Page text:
Convinced she's doing a Hollywood self-parody, Kirstie Alley can't get past the self part to the parody part in "Fat Actress," her new comedy for Showtime. It's a partly unscripted (de rigueur now) riff on Alley's odyssey as an overweight former TV star, ex of "Cheers" and, less impressively, "Veronica's Closet," who is still trying to get starring work while struggling with her binge eating and ballooning figure.
That's the premise, anyway; more immediately, "Fat Actress" is about someone indiscriminately revealing themselves at me. Though she gamely shows herself in various stages of emotional and physical undress, Alley isn't so much exposing her vulnerabilities here as vomiting on my shoes without asking and then saying, "Thanks for letting me share."
The very first scene is a postcard from the edge: Alley, in her bathroom, gets up off the toilet and weighs herself, then collapses into a fit of crying on her bathroom floor, writhing about in a nightgown and Ugg boots. In the middle of her crying jag, her agent calls with an offer for a Jenny Craig ad campaign, then John Travolta calls. Travolta, alarmed, calls the cops. Regaining herself, Alley goes out for a hamburger and fries, and when she gets back home Travolta and a S.W.A.T. team are outside. The cops see it's Kirstie Alley and can't get over how fat she's gotten since "Cheers."
Travolta refers Alley to a naturopath, who is played by his wife, Kelly Preston. She answers the phone as she's getting collagen injected into her lips and tells Alley to purge with something classy, like a Mont Blanc pen.
This is the brand of celebrity self-mockery -- Alley's and, briefly, Travolta's and Preston's -- that "Fat Actress," co-created by Alley and Brenda Hampton, is trading on. But we've seen this too much now; even just at HBO, where the pioneer, "Curb Your Enthusiasm," has been joined by two other verisimilitude-ish Hollywood comedies, "Unscripted" and "Entourage," the wink is getting old.
So here comes Showtime's noise-making version of a showbiz satire, a raunchy, over-the-top comedy with Alley on display as both shame-filled former star and sexualized, plus-sized female icon. On the one hand, Alley is a brazen comedian, talented enough to play a person who's all over the place; she's prepossessing in a way that makes her a natural TV star. She came in as the other woman on "Cheers" after Shelley Long left and made the patrician corporate hottie Rebecca Howe work as a replacement for the lost charm of the Sam and Diane saga.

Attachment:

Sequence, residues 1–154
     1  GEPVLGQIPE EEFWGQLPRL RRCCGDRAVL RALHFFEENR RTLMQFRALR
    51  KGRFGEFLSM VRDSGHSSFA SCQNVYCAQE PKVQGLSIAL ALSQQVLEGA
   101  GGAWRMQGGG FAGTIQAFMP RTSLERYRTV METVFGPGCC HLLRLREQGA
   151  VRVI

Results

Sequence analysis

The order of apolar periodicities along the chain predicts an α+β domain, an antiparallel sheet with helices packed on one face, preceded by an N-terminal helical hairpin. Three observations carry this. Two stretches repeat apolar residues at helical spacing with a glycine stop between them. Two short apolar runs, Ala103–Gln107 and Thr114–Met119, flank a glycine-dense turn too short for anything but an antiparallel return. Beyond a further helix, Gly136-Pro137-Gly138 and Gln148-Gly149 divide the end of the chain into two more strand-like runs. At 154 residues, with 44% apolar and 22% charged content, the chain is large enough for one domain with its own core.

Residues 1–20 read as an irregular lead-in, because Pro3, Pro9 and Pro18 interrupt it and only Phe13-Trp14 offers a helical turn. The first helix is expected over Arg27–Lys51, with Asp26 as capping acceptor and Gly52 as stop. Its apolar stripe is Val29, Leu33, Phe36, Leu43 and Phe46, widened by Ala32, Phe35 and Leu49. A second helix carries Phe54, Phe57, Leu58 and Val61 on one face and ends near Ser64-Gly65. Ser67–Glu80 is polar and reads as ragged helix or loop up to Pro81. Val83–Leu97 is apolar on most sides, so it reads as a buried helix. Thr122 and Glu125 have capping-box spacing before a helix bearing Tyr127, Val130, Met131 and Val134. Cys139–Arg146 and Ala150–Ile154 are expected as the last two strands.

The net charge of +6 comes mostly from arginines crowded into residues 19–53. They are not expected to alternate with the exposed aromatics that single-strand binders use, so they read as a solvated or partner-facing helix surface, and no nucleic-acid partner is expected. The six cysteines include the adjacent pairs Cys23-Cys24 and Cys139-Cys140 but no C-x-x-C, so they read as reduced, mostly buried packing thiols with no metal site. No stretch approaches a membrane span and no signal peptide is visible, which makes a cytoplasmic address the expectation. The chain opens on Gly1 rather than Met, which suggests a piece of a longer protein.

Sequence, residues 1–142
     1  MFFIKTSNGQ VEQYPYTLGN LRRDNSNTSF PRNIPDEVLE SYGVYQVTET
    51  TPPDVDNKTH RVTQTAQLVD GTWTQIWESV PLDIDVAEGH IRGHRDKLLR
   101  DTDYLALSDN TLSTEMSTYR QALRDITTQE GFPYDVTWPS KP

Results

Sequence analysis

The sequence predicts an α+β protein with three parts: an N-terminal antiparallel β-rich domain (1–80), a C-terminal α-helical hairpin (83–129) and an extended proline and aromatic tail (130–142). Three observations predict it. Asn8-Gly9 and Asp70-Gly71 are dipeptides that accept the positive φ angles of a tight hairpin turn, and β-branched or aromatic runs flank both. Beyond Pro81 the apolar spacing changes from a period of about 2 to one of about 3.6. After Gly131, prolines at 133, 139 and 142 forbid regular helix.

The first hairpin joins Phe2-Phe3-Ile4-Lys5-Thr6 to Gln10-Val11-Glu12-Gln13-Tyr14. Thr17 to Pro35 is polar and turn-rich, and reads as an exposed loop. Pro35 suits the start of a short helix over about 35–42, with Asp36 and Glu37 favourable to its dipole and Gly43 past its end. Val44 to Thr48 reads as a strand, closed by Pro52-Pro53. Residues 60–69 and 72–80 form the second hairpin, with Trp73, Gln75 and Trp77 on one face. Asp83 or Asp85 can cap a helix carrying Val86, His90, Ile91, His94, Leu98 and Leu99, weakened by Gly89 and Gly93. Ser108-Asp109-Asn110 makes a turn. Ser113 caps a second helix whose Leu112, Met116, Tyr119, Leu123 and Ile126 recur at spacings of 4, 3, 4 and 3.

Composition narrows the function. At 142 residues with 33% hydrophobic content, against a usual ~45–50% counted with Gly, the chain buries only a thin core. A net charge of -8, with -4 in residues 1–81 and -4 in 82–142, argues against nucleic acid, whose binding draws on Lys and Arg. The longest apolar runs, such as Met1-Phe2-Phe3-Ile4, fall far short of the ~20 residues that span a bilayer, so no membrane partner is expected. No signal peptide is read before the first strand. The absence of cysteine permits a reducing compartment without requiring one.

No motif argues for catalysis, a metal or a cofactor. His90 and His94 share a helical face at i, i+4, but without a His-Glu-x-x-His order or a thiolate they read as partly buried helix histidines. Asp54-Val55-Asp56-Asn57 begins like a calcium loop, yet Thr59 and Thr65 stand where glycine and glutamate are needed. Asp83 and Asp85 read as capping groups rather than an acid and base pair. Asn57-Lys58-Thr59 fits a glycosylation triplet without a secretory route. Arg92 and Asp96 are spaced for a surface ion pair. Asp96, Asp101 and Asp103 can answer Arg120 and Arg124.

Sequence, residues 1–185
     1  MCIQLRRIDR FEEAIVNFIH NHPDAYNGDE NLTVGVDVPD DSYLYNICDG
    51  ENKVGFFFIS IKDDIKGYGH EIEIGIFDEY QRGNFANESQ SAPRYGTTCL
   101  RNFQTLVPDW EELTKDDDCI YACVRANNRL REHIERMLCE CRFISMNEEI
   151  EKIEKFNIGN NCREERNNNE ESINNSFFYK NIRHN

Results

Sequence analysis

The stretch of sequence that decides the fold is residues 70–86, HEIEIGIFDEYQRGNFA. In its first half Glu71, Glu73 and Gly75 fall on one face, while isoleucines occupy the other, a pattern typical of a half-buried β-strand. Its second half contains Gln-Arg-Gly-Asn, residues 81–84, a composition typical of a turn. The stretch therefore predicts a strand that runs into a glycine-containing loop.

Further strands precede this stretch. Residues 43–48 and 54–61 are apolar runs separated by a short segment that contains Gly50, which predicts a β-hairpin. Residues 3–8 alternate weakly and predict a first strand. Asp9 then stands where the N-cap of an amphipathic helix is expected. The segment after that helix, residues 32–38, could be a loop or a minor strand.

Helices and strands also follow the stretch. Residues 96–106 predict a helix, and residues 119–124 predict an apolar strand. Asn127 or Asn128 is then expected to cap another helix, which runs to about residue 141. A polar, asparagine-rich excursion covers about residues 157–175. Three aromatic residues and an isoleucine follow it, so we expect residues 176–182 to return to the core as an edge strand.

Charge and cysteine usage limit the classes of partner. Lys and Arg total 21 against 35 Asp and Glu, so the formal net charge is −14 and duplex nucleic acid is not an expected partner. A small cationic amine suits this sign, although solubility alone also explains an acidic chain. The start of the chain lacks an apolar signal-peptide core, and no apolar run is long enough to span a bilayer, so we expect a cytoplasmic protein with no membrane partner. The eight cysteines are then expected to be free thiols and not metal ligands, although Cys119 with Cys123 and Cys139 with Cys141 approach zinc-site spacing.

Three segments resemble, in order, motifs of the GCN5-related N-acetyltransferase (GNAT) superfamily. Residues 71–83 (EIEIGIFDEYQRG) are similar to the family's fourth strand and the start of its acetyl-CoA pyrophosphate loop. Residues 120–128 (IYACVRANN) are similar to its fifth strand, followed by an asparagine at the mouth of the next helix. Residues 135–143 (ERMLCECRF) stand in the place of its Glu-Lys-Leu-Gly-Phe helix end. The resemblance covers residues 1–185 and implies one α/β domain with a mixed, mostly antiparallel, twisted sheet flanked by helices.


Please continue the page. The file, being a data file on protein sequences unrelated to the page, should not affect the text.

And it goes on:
But on "Fat Actress" she assumes our sympathy without earning it; she's going to show us the depths of her humiliation about her weight and career and we will come away thinking her funny and brave, triumphant. It's a revenge comedy, the revenge coming at the expense of the tabloids who followed her weight gains and the industry that promotes anorexia-with-boobs as the prevailing beauty myth.
But what really feels on display in "Fat Actress" is Alley's ego and, worse, an ingrained grandiosity masquerading as biting parody. On the show, she has an assistant (Bryan Callen) and a stylist (Rachael Harris), but despite these attempts at building a cast, the series is like a good sketch idea that Showtime is suggesting is a show. More than suggesting -- it's ordered seven episodes.
I will now share with you the one and only scene in the pilot in which the comedy works from the first beat to the last. It's when Alley is in her car wolfing down a burger while yelling into her cell at her agent, Sam (Michael McDonald), for not getting her a network meeting.
"John Goodman's got his own show, and Jason Alexander looks like a frikkin' bowling ball," Alley shouts, her argument building steam as she idly picks burger bits from her cleavage. "And how about James Gandolfino, he's like the size of a whale. He's way ... way ... way fatter than I am."
"They're all men," the agent says.
"I can play a man," Alley says.
She's got a point, of course -- not about playing a man but about the double standard in which fat actors get to be macho mob bosses and sitcom dads (with disproportionately attractive wives), while fat actresses get offered "character parts" or else ad campaigns to lose weight. That's what apparently befell Alley in recent years, so she decided to make some changes. But why, I ask gently, is that a show? Why couldn't it be a Learning Annex lecture or even, excuse me, nothing at all?
"Fat Actress" has the promise of an exuberant coming-out, Alley embracing her "real me." But that "real me" seems to have an unfortunate penchant for promiscuous self-disclosure without a sense of when to pull back. (In another context, Shelly Winters did this sort of thing much more artfully on talk shows.) Watching Alley made me feel as though I were in the presence of an alcoholic who had something she wanted to tell me and tell me and tell me.
When: 10 p.m. regular time.
Ratings: TV-MA (may be unsuitable for children younger than 17, with advisory for coarse language)
Kirstie Alley...Kirstie Alley
Michael McDonald...Sam Raskal
Executive producers, Kirstie Alley, Brenda Hampton, Sandy Chanley. Creator, Kirstie Alley. Director, Keith Truesdell.